The quintal or centner is a historical unit of mass in many countries which is usually defined as 100 base units, such as pounds or kilograms.[1] It is a traditional unit of weight in France, Portugal, and Spain and their former colonies. It is commonly used for grain prices in wholesale markets in Ethiopia and India, where 1 quintal = 100 kg.[2]

In British English, it referred to the hundredweight; in American English, it formerly referred to an uncommon measure of 100 kilograms.

Languages drawing its cognate name for the weight from Romance languages include French, Portuguese, Romanian and Spanish quintal, Italian quintale, Esperanto kvintalo, Polish kwintal. Languages taking their cognates from Germanicized centner include the German Zentner, Lithuanian centneris, Swedish centner, Polish cetnar, Russian and Ukrainian центнер (tsentner), Estonian tsentner and Spanish centena.

Many European languages have come to translate both the imperial and American hundredweight as their cognate form of quintal or centner.


The concept has resulted in two different series of masses: Those based on the local pound (which after metrication was considered equivalent to half a kilogram), and those uprated to being based on the kilogram.

In Albania (kuintal), Ethiopia (kuntal), and India, the 100 kilogram definition may have been introduced via Islamic[citation needed] trade. It is a standard measurement of mass for agricultural products in those countries.

In France it used to be defined as 100 livres (pounds), about 48.95 kg, and has been redefined as 100 kg (mesures usuelles), thus called metric quintal with symbol qq. In Spain, the centena is still defined as 100 libras, or about 46 kg, but the metric quintal is also defined as 100 kg;[3] In Portugal a quintal is 128 arráteis or about 58.75 kg.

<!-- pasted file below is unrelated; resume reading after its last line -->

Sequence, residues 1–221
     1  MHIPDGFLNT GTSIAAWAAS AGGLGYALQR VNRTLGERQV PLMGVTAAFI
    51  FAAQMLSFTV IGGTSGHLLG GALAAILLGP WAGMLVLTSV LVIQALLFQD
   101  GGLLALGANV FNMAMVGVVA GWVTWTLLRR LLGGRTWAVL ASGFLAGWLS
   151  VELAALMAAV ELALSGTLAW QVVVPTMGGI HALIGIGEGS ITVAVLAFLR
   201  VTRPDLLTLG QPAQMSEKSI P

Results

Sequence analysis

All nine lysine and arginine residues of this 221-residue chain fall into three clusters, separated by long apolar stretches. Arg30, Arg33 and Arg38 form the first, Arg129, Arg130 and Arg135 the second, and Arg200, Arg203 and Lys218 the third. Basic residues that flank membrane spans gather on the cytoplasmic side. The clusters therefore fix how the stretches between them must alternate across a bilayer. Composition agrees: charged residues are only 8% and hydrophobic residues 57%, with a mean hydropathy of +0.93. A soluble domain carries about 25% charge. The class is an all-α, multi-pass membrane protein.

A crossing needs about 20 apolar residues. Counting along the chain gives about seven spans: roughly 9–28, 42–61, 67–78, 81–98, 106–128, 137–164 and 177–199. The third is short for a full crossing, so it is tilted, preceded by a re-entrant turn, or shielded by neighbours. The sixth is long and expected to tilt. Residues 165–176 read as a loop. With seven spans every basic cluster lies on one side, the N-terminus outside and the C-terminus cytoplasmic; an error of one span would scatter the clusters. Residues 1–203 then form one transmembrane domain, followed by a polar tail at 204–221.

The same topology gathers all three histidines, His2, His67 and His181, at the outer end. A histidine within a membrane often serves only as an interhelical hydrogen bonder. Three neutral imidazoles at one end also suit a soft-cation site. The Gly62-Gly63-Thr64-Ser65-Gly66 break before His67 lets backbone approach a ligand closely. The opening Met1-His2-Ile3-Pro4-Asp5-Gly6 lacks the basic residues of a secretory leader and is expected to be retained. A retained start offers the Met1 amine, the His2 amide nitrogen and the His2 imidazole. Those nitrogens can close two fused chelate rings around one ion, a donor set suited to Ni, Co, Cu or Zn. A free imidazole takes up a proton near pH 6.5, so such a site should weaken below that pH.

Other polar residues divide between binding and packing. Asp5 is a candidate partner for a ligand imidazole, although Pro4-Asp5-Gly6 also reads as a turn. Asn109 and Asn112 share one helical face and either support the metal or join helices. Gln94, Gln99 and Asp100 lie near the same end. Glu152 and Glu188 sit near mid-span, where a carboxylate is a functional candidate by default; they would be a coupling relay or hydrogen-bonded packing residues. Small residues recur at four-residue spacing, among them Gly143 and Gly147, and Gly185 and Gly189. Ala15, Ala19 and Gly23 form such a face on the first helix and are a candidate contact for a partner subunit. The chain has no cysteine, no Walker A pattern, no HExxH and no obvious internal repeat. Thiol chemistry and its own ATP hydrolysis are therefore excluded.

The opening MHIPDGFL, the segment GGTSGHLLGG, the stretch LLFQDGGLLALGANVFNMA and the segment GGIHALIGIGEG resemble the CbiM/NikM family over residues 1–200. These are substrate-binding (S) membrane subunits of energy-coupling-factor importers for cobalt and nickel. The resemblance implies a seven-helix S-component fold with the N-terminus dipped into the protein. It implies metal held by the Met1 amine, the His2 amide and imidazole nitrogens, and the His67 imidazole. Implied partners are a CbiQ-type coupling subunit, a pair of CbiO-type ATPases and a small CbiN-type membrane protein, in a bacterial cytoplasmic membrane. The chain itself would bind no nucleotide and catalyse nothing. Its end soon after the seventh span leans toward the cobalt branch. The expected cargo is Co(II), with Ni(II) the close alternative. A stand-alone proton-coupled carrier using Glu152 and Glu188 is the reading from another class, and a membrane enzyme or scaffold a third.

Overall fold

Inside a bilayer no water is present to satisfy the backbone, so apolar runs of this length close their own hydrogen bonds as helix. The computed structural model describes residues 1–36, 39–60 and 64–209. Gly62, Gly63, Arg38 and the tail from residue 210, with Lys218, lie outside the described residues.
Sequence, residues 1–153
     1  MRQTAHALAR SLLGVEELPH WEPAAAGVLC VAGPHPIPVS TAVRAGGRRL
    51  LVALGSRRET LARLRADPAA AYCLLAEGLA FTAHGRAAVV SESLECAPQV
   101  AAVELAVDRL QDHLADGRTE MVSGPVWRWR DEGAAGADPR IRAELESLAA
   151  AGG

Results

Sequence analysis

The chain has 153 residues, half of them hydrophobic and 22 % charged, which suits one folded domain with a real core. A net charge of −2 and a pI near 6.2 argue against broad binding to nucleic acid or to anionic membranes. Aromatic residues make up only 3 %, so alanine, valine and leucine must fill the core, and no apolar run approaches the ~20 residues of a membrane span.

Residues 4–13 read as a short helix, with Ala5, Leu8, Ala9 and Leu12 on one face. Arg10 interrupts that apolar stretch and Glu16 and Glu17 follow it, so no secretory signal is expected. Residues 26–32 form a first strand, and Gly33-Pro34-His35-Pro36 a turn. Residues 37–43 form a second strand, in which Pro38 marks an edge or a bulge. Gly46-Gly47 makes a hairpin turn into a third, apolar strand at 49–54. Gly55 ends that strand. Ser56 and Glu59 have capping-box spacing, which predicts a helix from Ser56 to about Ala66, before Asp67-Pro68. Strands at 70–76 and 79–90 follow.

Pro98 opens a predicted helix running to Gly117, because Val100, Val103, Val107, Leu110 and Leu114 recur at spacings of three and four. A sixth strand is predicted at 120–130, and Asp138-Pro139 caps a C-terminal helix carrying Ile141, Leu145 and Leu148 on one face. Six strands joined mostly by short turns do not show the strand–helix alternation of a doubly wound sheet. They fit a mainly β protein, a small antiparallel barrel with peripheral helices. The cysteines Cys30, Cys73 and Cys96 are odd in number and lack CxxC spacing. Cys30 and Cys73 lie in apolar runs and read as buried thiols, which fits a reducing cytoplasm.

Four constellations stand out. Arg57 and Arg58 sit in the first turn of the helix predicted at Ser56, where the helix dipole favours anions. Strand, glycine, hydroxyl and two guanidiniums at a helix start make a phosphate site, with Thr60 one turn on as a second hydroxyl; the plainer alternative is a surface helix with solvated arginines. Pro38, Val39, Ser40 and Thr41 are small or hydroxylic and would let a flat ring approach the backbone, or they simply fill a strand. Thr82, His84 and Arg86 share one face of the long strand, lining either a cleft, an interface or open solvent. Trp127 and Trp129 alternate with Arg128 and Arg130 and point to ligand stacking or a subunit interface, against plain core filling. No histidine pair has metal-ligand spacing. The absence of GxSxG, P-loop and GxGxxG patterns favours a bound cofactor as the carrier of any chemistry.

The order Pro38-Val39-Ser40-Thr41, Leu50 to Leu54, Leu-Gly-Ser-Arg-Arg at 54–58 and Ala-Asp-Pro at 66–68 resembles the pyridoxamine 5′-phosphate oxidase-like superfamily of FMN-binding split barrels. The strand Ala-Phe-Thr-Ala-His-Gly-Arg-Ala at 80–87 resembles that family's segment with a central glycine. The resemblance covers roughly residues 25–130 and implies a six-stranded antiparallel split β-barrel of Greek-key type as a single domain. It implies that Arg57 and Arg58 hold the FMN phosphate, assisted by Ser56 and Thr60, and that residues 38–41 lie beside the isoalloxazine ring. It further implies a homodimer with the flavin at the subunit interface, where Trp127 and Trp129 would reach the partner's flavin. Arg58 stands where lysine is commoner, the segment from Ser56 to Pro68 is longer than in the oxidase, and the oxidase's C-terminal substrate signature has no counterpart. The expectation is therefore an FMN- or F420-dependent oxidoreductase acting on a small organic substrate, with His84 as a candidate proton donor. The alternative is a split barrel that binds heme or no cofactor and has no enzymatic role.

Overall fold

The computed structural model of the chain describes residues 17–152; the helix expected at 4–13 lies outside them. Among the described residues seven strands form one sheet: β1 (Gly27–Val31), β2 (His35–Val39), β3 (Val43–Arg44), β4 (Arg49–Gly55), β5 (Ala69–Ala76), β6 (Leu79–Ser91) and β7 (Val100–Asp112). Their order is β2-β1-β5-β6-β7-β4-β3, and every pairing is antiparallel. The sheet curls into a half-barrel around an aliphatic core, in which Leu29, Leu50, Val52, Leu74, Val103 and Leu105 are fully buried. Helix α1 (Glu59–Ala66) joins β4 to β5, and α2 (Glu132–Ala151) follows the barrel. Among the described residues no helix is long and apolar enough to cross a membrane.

The German Zentner and the Danish Centner are pound-based, and thus since metrication are defined as 50 kg, whereas the Austrian and Swiss Zentner since metrication has been re-defined as 100 kg. In Germany a measure of 100 kg is named a Doppelzentner.

Common agricultural units used in the Soviet Union were the 100-kilogram centner (центнер) and the term "centner per hectare". These are still used by countries that were part of the Soviet Union.

English useEdit

In English both terms quintal and centner were once alternative names for the hundredweight and thus defined either as 100 lb (exactly 45.359237 kg) or as 112 lb (50.80 kg). Also, in the Dominican Republic it is about 125 lb (56.70 kg). The German Zentner was introduced to the English language via Hanseatic trade as a measure of the weight of certain crops including hops for beer production. Commonly used in the Dominion ( and later province ) of Newfoundland up until the 1960s as a measure for 112 lbs of salt cod.

The quintal was defined in the United States in 1866[4] as 100 kilograms. However, it is no longer used in the United States or by NIST, though it still appears in the statute.[5]

In France, the Czech Republic, Slovakia, Indonesia and in India, it is still in daily use by farmers. In Brazil and other South American countries, it is used under its alternative spelling of kintal. It is also used in some African countries including Angola.[6]

See alsoEdit


  1. ^ Rowlett, Russ (2018). "How Many? A Dictionary of Units of Measurement". ibiblio. University of North Carolina at Chapel Hill. Retrieved 25 March 2020.
  2. ^ Quintal - Merriam Webster Dictionary. Merriam Webster Dictionary. Retrieved 20 June 2017.
  3. ^ Real Academia Española's definition of quintal
  4. ^ Act of July 28, 1866, codified in 15 U.S.C. §205
  5. ^ "Metric System of Measurement: Interpretation of the International System of Units for the United States", Federal Register notice of July 28, 1998, 63 F.R. 40333 "Metric System of Measurement: Interpretation of the International System of Units for the United States; Notice" (PDF). NIST. Archived from the original (PDF) on September 30, 2006. Retrieved September 28, 2006.
  6. ^ "The use of Quintal for weight measurements". Sizes: the online quantinary. Retrieved 25 July 2017.